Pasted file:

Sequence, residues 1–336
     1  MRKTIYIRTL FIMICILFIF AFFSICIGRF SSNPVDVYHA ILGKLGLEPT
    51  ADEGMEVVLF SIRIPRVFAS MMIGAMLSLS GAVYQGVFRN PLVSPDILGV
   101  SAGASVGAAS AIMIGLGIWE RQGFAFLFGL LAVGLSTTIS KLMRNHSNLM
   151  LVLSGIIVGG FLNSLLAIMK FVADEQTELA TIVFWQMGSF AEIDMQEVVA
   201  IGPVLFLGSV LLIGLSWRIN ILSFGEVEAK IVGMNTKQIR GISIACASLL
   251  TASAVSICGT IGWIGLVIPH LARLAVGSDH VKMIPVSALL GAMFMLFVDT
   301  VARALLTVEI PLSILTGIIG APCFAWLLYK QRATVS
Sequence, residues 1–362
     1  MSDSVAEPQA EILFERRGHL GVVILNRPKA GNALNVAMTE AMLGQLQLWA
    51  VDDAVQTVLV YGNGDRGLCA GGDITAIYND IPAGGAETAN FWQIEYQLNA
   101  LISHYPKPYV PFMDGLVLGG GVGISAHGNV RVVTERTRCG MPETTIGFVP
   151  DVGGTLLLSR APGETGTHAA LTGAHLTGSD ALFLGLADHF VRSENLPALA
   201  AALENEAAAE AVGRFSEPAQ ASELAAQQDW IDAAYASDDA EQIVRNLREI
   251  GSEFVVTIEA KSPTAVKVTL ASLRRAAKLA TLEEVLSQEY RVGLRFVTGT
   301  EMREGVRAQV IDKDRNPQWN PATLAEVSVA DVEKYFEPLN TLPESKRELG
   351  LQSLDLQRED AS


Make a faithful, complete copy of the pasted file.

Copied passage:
Sequence, residues 1–336
     1  MRKTIYIRTL FIMICILFIF AFFSICIGRF SSNPVDVYHA ILGKLGLEPT
    51  ADEGMEVVLF SIRIPRVFAS MMIGAMLSLS GAVYQGVFRN PLVSPDILGV
   101  SAGASVGAAS AIMIGLGIWE RQGFAFLFGL LAVGLSTTIS KLMRNHSNLM
   151  LVLSGIIVGG FLNSLLAIMK FVADEQTELA TIVFWQMGSF AEIDMQEVVA
   201  IGPVLFLGSV LLIGLSWRIN ILSFGEVEAK IVGMNTKQIR GISIACASLL
   251  TASAVSICGT IGWIGLVIPH LARLAVGSDH VKMIPVSALL GAMFMLFVDT
   301  VARALLTVEI PLSILTGIIG APCFAWLLYK QRATVS
Sequence, residues 1–362
     1  MSDSVAEPQA EILFERRGHL GVVILNRPKA GNALNVAMTE AMLGQLQLWA
    51  VDDAVQTVLV YGNGDRGLCA GGDITAIYND IPAGGAETAN FWQIEYQLNA
   101  LISHYPKPYV PFMDGLVLGG GVGISAHGNV RVVTERTRCG MPETTIGFVP
   151  DVGGTLLLSR APGETGTHAA LTGAHLTGSD ALFLGLADHF VRSENLPALA
   201  AALENEAAAE AVGRFSEPAQ ASELAAQQDW IDAAYASDDA EQIVRNLREI
   251  GSEFVVTIEA KSPTAVKVTL ASLRRAAKLA TLEEVLSQEY RVGLRFVTGT
   301  EMREGVRAQV IDKDRNPQWN PATLAEVSVA DVEKYFEPLN TLPESKRELG
   351  LQSLDLQRED AS